U.S. yields advance as strong data backs more Fed rate hikes
NEW YORK — U.S. Treasury yields rose on
Monday, as last week’s stronger-than-forecast non-farm payrolls
report as well as a slew of economic data cemented expectations
that the Federal Reserve will continue to raise interest rates
well into 2023 although at a slower pace.
The U.S. two-year/10-year yield curve
deepened its inversion from last Friday. The gap between the two
notes’ yields widened to as much as -81.20 basis points (bps),
the most in two weeks, and was last at -76.70 bps.
The inversion of this curve typically precedes recession.
U.S. yields initially jumped on Friday after nonfarm
payrolls increased by 263,000 jobs last month, which was higher
than expected, with the data for October also revised higher.
“The market is accepting that inflation is cooling and
that’s good news,” said Stan Shipley, fixed income strategist,
at Evercore ISI in New York.
“The problem is they’re also looking at the labor market,
(showing) a solid reading for the month of November, which means
the Fed is going to go more because it wants the labor market to
slow which raises the risk of recession,” he added.
The rate futures market on Monday had priced in a peak fed
funds rate of 4.9%, seen hitting at the July meeting. That was
down from about 5.1% before Fed Chair Jerome Powell said last
week that the U.S. central bank will likely slow the pace of
interest rate hikes as soon as this month.
In mid-morning trading, the yield on 10-year Treasury notes
was up 6.7 bps at 3.570%.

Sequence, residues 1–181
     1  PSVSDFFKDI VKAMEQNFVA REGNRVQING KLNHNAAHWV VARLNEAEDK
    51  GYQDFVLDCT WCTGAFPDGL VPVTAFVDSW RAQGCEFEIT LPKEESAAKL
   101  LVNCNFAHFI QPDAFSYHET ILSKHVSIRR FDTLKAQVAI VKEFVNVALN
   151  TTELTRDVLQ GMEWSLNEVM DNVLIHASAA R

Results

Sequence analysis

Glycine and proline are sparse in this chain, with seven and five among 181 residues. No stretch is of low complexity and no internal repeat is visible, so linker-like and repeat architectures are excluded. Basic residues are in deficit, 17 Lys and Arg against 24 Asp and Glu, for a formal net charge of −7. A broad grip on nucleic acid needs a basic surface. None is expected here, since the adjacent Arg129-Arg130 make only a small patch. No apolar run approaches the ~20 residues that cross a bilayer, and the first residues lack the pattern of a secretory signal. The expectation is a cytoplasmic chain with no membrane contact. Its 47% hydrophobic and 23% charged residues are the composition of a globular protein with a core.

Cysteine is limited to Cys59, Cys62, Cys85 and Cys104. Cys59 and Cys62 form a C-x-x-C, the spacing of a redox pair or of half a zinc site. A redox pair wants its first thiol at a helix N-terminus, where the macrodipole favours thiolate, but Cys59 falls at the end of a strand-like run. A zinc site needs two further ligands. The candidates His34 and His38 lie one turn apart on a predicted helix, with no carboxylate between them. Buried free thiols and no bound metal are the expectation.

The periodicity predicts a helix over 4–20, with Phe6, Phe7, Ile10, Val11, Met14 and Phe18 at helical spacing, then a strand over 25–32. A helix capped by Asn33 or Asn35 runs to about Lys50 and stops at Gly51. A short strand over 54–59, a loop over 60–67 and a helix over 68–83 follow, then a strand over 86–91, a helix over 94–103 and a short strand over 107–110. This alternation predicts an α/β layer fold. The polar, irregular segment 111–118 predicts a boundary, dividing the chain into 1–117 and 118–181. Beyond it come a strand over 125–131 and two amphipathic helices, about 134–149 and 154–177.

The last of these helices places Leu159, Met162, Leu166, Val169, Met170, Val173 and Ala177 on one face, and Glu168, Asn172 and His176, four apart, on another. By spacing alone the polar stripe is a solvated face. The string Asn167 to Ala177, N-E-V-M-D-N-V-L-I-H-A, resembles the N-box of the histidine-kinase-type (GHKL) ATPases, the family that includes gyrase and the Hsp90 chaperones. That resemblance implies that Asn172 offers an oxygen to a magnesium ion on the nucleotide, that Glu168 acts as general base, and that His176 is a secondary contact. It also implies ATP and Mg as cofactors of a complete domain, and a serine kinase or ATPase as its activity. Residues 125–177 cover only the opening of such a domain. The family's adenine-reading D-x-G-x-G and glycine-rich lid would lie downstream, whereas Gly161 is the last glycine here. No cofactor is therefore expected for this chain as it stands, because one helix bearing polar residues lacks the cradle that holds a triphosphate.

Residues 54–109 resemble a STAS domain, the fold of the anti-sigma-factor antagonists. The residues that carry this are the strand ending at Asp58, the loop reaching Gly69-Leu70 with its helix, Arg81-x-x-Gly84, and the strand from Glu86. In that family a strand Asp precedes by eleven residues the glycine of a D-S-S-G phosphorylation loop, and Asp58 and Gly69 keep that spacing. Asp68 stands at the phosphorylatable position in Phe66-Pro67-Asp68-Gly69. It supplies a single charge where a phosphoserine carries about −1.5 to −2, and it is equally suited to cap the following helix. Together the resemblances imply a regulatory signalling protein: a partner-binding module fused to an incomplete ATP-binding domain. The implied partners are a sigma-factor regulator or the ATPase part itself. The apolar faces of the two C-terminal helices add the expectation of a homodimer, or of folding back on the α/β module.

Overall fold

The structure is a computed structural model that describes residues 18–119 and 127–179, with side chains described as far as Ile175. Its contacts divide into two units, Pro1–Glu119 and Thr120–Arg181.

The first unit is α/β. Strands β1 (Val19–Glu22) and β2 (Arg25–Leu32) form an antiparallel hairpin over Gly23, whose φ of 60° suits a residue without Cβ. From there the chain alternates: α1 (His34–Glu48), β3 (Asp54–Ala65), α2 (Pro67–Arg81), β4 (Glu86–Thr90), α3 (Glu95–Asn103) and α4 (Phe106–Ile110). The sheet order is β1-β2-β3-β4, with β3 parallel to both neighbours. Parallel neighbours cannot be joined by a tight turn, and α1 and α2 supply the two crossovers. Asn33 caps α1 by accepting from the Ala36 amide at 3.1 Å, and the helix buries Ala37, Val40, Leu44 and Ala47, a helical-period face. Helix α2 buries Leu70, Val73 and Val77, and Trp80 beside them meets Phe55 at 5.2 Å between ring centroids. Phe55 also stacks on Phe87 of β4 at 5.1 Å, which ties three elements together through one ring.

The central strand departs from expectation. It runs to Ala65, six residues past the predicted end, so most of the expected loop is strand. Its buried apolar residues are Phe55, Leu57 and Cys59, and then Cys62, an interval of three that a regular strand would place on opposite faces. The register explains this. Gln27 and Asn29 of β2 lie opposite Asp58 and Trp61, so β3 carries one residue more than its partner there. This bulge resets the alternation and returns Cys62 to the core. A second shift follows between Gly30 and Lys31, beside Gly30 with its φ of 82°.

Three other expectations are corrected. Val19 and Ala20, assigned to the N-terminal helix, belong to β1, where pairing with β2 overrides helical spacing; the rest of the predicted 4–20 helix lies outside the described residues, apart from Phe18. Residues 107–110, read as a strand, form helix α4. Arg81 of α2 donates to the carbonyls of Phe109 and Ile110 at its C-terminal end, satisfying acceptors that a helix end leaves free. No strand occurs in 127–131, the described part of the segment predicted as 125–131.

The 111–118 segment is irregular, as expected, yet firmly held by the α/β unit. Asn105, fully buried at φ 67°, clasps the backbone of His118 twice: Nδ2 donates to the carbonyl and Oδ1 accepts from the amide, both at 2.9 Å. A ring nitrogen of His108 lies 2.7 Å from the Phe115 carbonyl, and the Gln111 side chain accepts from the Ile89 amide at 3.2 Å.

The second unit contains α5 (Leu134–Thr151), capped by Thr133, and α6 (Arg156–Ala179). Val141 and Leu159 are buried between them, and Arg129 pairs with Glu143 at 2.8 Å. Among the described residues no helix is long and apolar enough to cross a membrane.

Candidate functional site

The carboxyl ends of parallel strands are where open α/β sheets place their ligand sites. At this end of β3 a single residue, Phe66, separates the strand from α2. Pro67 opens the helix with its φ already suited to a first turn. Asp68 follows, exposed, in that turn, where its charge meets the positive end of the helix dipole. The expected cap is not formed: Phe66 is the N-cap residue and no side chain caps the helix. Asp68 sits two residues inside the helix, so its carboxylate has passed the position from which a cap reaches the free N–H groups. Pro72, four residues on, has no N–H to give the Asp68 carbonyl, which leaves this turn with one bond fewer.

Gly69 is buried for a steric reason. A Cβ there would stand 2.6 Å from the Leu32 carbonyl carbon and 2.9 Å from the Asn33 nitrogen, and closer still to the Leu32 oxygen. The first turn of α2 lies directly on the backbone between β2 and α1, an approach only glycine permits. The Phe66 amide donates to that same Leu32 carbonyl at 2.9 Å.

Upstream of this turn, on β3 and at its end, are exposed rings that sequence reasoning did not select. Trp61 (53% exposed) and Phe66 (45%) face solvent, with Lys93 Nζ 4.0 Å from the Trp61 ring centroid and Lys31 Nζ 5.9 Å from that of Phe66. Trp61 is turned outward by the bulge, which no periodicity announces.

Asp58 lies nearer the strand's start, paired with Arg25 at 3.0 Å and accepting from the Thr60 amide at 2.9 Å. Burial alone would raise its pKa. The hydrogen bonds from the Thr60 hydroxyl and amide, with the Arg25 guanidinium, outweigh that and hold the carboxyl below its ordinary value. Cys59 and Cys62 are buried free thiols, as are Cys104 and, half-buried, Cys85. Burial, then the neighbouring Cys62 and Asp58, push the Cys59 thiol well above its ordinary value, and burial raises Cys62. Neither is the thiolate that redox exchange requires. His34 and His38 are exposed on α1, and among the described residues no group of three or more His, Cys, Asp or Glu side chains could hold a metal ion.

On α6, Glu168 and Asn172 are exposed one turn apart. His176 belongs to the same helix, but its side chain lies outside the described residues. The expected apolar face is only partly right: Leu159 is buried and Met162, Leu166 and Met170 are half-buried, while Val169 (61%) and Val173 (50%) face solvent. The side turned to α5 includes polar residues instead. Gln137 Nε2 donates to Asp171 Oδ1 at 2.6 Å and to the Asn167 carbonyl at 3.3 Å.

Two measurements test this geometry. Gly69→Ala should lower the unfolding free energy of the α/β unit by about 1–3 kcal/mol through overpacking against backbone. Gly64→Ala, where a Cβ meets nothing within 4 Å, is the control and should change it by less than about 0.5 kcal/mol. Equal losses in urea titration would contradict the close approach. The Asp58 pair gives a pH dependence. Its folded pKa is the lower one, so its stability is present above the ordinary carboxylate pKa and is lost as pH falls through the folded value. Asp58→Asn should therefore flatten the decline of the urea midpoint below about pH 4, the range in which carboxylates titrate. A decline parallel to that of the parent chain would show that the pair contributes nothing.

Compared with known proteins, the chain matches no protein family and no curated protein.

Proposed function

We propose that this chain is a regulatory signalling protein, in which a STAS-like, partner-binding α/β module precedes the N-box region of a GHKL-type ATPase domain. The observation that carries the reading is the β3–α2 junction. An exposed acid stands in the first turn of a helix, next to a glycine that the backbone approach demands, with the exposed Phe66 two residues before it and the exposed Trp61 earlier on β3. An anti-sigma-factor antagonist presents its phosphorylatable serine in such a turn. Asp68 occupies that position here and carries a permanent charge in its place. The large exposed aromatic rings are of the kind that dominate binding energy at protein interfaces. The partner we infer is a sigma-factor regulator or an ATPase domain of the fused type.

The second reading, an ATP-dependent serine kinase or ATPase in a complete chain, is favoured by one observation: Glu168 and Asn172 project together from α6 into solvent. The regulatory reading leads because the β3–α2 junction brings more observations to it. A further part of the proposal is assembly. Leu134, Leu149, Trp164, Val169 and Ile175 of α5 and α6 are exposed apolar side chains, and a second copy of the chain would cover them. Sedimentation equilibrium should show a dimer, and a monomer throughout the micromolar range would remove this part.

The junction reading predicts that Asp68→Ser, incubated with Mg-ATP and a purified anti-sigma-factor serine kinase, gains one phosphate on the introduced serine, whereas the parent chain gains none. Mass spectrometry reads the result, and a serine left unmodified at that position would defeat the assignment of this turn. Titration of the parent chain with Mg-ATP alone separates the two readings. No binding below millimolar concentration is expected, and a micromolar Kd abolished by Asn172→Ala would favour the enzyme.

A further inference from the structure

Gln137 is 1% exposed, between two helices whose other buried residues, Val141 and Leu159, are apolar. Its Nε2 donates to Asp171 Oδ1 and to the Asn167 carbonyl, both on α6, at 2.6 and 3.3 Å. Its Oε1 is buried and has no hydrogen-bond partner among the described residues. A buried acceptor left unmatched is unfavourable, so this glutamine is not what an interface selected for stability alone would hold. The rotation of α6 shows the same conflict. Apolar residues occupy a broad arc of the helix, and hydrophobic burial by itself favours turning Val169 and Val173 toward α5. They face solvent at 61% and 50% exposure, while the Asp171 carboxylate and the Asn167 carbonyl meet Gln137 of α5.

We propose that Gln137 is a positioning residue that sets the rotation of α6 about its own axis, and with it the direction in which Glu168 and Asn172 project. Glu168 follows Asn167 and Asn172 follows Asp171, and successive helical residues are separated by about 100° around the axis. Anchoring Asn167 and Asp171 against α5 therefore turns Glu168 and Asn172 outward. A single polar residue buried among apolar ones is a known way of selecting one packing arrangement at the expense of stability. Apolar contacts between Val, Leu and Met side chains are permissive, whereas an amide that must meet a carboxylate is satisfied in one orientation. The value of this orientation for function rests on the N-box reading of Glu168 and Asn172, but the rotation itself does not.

The yield on the 30-year Treasury bond was
up 4.9 b
On the shorter-end of the curve, the two-year
U.S. Treasury yield, which typically moves in step with interest
rate expectations, was up 4.9 bps at 4.329%.
U.S. yields briefly extended gains after a slew of data
showed continued expansion in the world’s largest economy.
U.S. services industry activity unexpectedly picked up in
November, with employment rebounding. The Institute for Supply
Management (ISM) said on Monday its non-manufacturing PMI
increased to 56.5 last month from 54.4 in October, which was the
lowest reading since May 2020.
U.S. factory activity also showed gains, as did orders for
December 5 Monday 10:11AM New York / 1511 GMT
Price Current Net
Yield % Change
Three-month bills 4.2025 4.3041 -0.016
Six-month bills 4.52 4.6869 0.005
Two-year note 100-77/256 4.3397 0.060
Three-year note 101-46/256 4.0696 0.079
Five-year note 100-150/256 3.7449 0.079
Seven-year note 101-40/256 3.6856 0.081
10-year note 104-136/256 3.5791 0.076
20-year bond 102-52/256 3.8407 0.057
30-year bond 107-12/256 3.6128 0.053
DOLLAR SWAP SPREADS
Last (bps) Net
U.S. 2-year dollar swap 31.25 0.75
U.S. 3-year dollar swap 11.25 0.00
U.S. 5-year dollar swap 2.50 0.25
U.S. 10-year dollar swap -3.75 0.75
U.S. 30-year dollar swap -39.75 0.75
(Reporting by Gertrude Chavez-Dreyfuss; Editing by Kirsten
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